Fifteen years ago I began a novel called Atomic Age. I wanted to tell a story about a New England Jewish family, the Griefs, from Worcester, Massachusetts, from the early 1950’s to the present. The narrator is the lesbian daughter of this dysfunctional family. Nearly everything about this family is different from my own:
The father, Larry, is a slacker and philanderer; my own late father, Lester, worked hard all his life and as far as I know only strayed as far as the centerfold in Playboy magazine.
The mother in my story, Mimi, is sad and distant; my own mother, Florence, was difficult—often infuriated and raging for no apparent reason, but distant is not a word I would use to describe her.
The narrator of Atomic Age has one sibling—a teenage brother, Danny, who like his mother is distant, but also mysterious, sad, and into drugs. It is around his fate that most of this novel—and the story I am telling now—swirls. I have a sister Nancy, exactly five years younger than me, a wonderful visual artist. We had a brother Steven when I started this novel who was warm, gregarious, sober– the exact opposite of the brother Danny I created– except in one, important way…
From the very beginning of my work on Atomic Age, one life changing family event had been the death of Danny, on a motor bike, in the rain, at a teenage haunt of mine, a reservoir just outside Worcester. While his end was not to be the central focus of the novel, it was an important one, and the one that was the clearest, almost easiest, for me to write. Witnessed by a couple making out in a car, they almost cannot believe what they are seeing. We see it with them, through their fogged and rain soaked windshield—zig-zagging along the top of the reservoir dam, the motor bike skids into the drink, the couple too stunned and sexed up to help. Danny himself is tangled in the bike unable to make his way out.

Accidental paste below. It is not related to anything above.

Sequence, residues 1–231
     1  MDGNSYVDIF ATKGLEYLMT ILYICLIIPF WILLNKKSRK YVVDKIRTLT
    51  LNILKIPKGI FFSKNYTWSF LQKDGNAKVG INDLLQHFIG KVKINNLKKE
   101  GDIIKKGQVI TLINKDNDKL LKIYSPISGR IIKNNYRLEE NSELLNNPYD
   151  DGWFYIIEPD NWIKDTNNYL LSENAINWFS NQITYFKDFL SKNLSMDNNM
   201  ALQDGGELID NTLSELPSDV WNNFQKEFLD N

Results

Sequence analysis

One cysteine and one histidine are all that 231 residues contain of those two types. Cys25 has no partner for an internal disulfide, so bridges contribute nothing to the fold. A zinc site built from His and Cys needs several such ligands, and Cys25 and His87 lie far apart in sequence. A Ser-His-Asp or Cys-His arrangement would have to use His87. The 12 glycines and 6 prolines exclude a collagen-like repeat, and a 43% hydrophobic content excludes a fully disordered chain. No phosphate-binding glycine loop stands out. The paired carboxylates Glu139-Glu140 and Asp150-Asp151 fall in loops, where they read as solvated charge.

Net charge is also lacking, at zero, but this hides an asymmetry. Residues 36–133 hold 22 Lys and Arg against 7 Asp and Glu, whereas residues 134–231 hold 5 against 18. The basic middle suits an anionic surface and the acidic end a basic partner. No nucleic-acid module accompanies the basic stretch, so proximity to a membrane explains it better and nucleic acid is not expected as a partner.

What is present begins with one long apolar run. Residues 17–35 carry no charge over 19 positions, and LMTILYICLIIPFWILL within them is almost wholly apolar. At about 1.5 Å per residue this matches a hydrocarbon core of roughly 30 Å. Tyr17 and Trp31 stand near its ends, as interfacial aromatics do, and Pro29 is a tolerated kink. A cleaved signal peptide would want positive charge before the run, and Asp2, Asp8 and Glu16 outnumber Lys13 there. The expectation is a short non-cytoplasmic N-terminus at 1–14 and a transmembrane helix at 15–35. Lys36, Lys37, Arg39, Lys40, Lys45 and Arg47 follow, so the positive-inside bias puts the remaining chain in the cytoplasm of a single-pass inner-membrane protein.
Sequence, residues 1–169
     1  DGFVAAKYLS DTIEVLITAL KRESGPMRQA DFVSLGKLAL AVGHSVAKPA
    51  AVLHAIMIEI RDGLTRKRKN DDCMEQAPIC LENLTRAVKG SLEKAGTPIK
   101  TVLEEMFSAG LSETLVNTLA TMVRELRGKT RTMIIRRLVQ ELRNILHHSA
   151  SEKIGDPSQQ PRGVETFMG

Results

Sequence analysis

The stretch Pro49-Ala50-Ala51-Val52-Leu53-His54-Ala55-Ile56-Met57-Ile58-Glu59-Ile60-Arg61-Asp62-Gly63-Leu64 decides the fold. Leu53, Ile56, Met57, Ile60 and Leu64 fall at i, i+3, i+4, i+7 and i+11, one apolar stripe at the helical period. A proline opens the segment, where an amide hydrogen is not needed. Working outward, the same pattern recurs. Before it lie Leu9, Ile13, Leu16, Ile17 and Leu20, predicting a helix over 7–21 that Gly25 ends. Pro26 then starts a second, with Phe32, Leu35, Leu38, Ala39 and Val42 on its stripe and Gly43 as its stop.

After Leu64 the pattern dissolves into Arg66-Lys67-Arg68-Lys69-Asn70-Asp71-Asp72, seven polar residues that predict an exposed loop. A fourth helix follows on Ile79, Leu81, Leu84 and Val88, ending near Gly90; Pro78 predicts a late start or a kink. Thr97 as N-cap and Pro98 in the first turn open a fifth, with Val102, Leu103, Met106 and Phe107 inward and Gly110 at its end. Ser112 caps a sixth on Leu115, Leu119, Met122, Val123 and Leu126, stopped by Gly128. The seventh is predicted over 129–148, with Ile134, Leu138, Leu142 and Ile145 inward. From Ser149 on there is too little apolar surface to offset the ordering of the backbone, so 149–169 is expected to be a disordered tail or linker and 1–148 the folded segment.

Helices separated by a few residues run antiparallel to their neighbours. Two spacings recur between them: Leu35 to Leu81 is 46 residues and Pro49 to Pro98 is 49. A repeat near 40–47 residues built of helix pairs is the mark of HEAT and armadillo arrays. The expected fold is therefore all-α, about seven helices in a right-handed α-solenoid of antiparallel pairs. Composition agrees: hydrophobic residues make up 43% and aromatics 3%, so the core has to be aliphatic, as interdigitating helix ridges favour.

Two years into this project, my actual brother, Steven, then in his early fifties, was riding home from his job as a middle school science teacher in the middle of a perfectly clear spring day, on an actual motorcycle, when he was struck by a car. The driver of the car got out and sat on the ground, car engine running, radio blasting. According to the accident report, she told the responding officers that my brother, who died at the hospital, got up and walked away.
Needless to say, this eventuality caught me up short. Prone though I am to magical thinking, I did not believe that my writing a brother to death on a motorbike caused my own brother’s very sad end. However. Try as I might to make it back into the novel, after my flesh brother’s death I could never find the right door.
Life imitated art, but didn’t get it exactly right. Telling you this story helped me get back to that door. I’m ready to go through it now…
Judith Katz is the author of two novels, Running Fiercely Toward a High Thin Sound and The Escape Artist, both published originally by Nancy K. Bereano at Firebrand Books and recently re-issued by Bywater Books. The Atomic Age is waiting to be lifted out of its metaphoric drawer, dusted off, and begun again. In addition, she will edit a special issue of Sinister Wisdom, To Be A Jewish Dyke in the 21st Century with Elana Dykewoman, forthcoming in 2019.